Do you have a lot of younger fans?
Absolutely. And a “selfie” is the most unflattering angle except for, oh, what’s the thing you do on the computer that’s the ugliest…Skype! Skype is the ugliest possible angle. Why anyone would do home porno with Skype, think again, you look ugly on Skype.
You have a full section in the retrospective screening films you wish you’d made. I really like that Final Destination was included. What are some other films you've liked recently?
I put my 10 Best list in Artforum every year, so it’s easy to find what my favorites are. They’re usually depressing French movies. What have I seen recently? Into the Storm, which I think was made by some people that had something to do with some of the “Final Destination” movies. So that was the last movie I saw.
Do you think it’s still possible to gross out moviegoers now, with the Internet and things like 2 Girls, 1 Cup?
I never saw that. I have no desire to see that. Because I don’t want to be just grossed out, I never made a movie just to gross you out. I made a movie to make you laugh. I didn’t laugh watching that. I’m a feminist. I don’t want to see some girl humiliate herself in front of me. I think being gross is easy. Being funny is hard. I think—I hope—and I know what you mean, eating shit…it was gross. It was anarchy, basically. It was hippie anarchy to do that at the time. I’ve always said, the person that comes closest to what I want to do is Johnny Knoxville, he made the Jackass movies.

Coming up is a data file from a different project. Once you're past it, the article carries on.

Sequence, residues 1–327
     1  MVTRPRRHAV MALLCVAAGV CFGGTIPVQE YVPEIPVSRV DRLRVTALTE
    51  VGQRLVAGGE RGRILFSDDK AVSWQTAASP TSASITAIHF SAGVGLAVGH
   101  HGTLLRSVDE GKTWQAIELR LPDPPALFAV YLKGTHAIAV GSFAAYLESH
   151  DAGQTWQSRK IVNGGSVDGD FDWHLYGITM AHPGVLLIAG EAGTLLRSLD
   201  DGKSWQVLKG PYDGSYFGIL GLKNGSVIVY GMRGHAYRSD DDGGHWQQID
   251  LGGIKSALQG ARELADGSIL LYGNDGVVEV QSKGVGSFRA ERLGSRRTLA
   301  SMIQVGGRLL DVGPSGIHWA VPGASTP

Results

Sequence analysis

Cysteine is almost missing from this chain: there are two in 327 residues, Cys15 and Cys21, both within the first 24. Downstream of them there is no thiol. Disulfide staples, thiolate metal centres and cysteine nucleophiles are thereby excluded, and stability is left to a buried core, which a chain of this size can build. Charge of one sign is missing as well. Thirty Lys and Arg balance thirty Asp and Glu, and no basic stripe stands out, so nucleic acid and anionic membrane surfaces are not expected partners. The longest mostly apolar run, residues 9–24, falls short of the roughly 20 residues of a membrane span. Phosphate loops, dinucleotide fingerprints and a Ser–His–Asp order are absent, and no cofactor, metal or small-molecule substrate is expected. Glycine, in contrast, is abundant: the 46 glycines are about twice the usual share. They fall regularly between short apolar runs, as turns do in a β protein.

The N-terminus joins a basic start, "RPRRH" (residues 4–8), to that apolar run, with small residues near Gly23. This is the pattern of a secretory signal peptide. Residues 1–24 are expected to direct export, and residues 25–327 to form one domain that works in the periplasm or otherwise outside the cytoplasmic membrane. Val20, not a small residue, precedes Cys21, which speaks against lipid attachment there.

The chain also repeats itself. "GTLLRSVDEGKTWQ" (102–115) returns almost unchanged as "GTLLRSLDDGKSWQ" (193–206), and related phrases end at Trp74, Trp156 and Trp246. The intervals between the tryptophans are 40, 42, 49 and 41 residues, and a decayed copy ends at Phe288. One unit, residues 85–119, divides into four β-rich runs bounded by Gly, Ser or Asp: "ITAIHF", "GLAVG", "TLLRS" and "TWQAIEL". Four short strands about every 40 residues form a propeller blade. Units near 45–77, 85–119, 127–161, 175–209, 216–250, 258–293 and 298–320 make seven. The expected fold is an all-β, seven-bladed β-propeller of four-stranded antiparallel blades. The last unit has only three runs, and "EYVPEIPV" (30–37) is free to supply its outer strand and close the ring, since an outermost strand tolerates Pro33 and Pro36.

Is there any future heir to the Pope of Trash title?
I’m not saying that anybody’s copying me, and I’m not home so I don’t have my movie diary with me, of all the movies I’ve liked recently, but I like Gaspar Noé, I like Bruno Dumont, I like Ulrich Seidl. They’re not my heirs, they’re my age, but they certainly make movies that startle and horrify me. I don’t think they’re the heirs to me, but I don’t think anybody needs to be the heirs to me. I’ve always made trash a little bit more respectable and the fact that they’re having this at Lincoln Center Film Society—I said in the press release as a joke, I’m finally filthy and respectable. Things change over the years. I don’t think I have, really.
Oddly enough, I think the public has grown more to my side of humor. When I was a kid I used to get all those paperback books that were called “Sick Sick Sick Sick Jokes.” I loved what they called sick humor in the fifties. Really, MAD Magazine was the first thing that every kid I knew that rebelled from anything read. MAD Magazine was incredibly important to every filmmaker that causes trouble. And I don’t think there is an equivalent today. Certainly the Internet and Youtube and finding things on there is some equivalent, but there’s not one single thing like MAD Magazine was at the time.
You also had the Dreamlanders troupe to help you make all these films. Do you see a team of directors and actors working to try to produce these films, similar to yours?
Every single person’s first movie is that. They made a movie with their friends. Every student film ever made is that. Problem was, we were thrown out of school. They were student films, but we were expelled!
I think every young person does it the same we did. I might have had more extreme friends who were willing to go further. I think every kid today who makes a horror film or anything is doing the same thing I did. The difference is, studios are looking for that person today, whereas they were not when I was [making films]. The only thing I was trying to do was get into underground movies, which at the time was very New York snobby. If you weren’t from New York—when they heard I was from Baltimore, they didn’t even want to look at [my films]. And New York was actually the last place my films caught on, after Los Angeles, San Francisco, Baltimore and Provincetown.